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Home » Scholarship vs. Grant: What’s the Difference?

Scholarship vs. Grant: What’s the Difference?

Education plays a crucial role in shaping our future, but the rising costs of tuition and other educational expenses can pose significant financial challenges. Scholarships and grants provide students with essential financial aid to pursue their educational goals.

In this article, we will explore the differences between scholarships and grants, the opportunities they offer, and the factors to consider when applying for them.


Scholarships are a form of financial assistance awarded to students based on various criteria such as academic achievements, extracurricular activities, talents, or specific demographic backgrounds. They aim to recognize and reward exceptional students and provide them with the means to pursue higher education.

Types of Scholarships

There are different types of scholarships available to students:

1. Merit-based Scholarships

Merit-based scholarships are awarded to students who demonstrate outstanding academic performance, leadership qualities, community involvement, or other exceptional achievements. These scholarships are highly competitive and often require applicants to have a certain GPA or standardized test scores.

2. Need-based Scholarships

Need-based scholarships are awarded to students with demonstrated financial need. These scholarships aim to bridge the gap between the cost of education and the student’s ability to pay. Applicants are required to submit financial information, such as income and assets, to determine their eligibility.

3. Athletic Scholarships

Athletic scholarships are awarded to student-athletes who excel in sports. These scholarships are typically offered by colleges and universities to recruit talented athletes for their athletic programs. The selection process considers the student’s athletic abilities, performance, and potential contribution to the team.

Application Process and Requirements

The application process for scholarships varies depending on the scholarship provider. Generally, applicants are required to submit an application form, academic transcripts, letters of recommendation, and a personal statement or essay. Some scholarships may also require interviews or additional documentation.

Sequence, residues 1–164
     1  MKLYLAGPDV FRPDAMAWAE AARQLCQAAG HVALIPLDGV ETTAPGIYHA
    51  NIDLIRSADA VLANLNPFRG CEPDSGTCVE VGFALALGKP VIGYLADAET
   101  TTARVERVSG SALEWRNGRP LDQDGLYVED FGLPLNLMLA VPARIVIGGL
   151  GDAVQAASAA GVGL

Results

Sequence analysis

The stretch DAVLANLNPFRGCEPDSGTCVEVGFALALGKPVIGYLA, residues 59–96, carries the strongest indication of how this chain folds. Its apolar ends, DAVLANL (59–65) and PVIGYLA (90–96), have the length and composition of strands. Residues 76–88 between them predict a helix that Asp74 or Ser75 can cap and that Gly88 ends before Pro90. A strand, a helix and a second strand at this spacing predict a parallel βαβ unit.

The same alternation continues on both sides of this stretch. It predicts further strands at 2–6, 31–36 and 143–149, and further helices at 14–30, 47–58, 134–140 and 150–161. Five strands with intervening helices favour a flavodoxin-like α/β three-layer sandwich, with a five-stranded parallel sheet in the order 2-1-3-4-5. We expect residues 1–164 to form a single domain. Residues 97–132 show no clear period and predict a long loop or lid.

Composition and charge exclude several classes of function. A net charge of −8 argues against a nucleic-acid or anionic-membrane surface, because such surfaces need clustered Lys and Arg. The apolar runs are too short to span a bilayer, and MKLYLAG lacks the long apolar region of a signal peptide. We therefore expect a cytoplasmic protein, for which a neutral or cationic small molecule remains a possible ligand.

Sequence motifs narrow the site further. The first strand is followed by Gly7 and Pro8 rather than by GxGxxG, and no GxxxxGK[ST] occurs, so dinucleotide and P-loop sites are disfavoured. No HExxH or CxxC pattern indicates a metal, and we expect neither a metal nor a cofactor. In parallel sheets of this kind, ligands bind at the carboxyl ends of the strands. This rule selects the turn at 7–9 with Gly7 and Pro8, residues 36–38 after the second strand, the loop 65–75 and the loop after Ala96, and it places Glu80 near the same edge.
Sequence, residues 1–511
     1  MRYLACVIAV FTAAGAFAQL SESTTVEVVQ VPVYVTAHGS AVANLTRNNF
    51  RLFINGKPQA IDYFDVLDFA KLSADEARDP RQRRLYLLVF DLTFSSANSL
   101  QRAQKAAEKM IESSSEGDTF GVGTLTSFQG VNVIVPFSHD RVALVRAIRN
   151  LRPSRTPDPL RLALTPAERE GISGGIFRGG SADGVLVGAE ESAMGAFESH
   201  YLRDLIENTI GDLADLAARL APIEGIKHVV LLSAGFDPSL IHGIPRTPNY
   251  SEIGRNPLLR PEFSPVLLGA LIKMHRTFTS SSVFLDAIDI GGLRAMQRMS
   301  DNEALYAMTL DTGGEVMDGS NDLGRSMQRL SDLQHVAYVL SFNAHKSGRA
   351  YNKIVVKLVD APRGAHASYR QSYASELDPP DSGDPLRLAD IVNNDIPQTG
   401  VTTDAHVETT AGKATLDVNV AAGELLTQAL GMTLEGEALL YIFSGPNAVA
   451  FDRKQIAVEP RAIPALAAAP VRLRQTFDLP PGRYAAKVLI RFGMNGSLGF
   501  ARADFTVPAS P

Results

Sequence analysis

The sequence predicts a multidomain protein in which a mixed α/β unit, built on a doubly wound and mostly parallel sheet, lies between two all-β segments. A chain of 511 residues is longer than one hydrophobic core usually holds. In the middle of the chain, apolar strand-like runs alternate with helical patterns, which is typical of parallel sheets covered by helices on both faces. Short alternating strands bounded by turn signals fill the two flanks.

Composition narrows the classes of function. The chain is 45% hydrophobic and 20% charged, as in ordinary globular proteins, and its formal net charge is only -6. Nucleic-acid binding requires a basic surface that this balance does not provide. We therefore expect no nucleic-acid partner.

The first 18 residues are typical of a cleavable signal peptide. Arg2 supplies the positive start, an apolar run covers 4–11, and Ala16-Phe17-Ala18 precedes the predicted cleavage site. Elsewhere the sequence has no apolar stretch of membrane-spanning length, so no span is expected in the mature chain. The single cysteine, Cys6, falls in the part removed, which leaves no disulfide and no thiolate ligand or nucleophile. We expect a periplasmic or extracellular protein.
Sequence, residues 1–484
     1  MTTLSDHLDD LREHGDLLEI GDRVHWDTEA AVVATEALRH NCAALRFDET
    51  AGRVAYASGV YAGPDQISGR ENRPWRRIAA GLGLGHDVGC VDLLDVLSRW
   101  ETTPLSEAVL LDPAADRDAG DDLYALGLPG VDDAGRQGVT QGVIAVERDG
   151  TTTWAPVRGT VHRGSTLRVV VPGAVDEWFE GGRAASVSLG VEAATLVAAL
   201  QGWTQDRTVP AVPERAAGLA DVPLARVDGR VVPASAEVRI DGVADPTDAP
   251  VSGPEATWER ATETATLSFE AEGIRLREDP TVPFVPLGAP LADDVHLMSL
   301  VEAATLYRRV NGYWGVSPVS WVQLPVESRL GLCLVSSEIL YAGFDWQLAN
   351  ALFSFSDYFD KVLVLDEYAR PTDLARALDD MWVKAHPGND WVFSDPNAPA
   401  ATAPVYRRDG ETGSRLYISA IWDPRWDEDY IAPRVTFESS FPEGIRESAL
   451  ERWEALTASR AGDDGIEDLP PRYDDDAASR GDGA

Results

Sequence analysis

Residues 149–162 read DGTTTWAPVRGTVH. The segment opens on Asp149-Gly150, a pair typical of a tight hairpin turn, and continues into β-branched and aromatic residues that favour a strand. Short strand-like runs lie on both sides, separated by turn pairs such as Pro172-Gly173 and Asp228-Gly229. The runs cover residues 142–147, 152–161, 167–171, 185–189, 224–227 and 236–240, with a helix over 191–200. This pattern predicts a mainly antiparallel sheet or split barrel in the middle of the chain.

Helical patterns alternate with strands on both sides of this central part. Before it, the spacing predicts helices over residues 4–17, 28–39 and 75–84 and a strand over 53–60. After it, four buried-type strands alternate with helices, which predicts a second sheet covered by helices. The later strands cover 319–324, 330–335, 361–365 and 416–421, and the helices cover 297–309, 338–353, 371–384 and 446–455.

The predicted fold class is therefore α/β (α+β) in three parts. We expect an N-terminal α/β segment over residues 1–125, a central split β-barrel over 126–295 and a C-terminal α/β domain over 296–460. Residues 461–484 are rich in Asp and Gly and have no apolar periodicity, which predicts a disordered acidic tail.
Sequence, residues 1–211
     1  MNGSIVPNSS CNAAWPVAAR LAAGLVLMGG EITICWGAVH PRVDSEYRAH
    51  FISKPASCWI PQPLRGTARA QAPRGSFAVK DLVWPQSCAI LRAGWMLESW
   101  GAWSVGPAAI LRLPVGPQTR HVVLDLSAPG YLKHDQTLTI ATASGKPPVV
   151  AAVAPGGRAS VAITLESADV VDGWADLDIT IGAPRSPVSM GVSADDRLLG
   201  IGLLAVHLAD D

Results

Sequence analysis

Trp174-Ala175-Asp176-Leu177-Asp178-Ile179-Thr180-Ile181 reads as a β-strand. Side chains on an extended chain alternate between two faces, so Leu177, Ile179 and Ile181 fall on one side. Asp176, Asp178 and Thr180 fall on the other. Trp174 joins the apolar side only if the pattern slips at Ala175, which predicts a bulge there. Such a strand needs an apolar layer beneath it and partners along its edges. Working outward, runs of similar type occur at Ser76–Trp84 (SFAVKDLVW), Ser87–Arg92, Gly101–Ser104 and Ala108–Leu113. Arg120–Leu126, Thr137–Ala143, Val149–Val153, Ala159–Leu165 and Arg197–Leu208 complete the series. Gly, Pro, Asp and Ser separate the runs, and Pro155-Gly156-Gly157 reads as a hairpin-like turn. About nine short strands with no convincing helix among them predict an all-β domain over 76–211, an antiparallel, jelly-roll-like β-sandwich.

Grants, like scholarships, provide financial aid to students, but they often have different funding sources and eligibility criteria.

Types of Grants

1. Federal Grants

Federal grants are funded by the government and aim to support students in pursuing higher education. The most well-known federal grant is the Pell Grant, which is awarded to undergraduate students based on their financial need. Other federal grants include the Federal Supplemental Educational Opportunity Grant (FSEOG) and the Teacher Education Assistance for College and Higher Education (TEACH) Grant.

2. State Grants

State governments also provide grants to eligible students. These grants may vary in name and eligibility criteria depending on the state. State grants often consider factors such as residency, financial need, academic achievements, and field of study.

3. Institutional Grants

Institutional grants are awarded by colleges, universities, or other educational institutions. These grants may be based on both merit and financial need. Institutions use their own criteria to determine eligibility and award amounts.

Eligibility Criteria and Application Process

Eligibility criteria for grants differ depending on the funding source. Federal grants usually consider the student’s financial need, while state and institutional grants may have additional requirements.

To apply for grants, students typically need to complete the Free Application for Federal Student Aid (FAFSA) and any additional applications required by the grant provider.